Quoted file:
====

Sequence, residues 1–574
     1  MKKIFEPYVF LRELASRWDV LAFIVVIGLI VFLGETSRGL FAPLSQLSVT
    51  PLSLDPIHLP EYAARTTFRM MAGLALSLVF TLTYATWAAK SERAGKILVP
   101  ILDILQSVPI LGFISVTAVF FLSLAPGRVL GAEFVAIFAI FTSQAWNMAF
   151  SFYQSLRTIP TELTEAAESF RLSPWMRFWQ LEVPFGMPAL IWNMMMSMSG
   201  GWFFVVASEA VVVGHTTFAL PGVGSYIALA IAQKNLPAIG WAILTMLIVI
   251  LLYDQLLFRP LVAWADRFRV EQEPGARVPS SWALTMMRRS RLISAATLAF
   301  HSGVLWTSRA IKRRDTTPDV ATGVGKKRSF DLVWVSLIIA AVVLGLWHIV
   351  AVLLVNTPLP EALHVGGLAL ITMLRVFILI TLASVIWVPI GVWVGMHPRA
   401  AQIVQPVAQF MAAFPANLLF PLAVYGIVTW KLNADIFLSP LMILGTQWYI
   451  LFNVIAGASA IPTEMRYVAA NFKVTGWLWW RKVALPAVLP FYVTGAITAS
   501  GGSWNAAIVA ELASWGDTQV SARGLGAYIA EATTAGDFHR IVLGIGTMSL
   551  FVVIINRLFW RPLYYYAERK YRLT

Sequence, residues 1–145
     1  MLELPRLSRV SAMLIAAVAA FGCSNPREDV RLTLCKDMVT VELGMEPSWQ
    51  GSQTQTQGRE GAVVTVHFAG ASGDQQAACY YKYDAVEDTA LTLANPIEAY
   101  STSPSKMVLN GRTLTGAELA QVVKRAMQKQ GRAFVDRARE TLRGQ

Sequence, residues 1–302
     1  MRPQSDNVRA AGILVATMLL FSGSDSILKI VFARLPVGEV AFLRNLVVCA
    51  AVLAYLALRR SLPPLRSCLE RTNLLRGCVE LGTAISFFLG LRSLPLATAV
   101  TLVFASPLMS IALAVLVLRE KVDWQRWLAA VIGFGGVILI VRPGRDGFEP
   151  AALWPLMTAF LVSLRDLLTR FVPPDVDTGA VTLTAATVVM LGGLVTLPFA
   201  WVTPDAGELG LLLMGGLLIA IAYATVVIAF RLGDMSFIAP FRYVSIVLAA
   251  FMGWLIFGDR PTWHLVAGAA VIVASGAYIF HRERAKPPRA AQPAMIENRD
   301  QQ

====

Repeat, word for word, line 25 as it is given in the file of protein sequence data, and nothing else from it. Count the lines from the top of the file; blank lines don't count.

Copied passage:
   301  QQ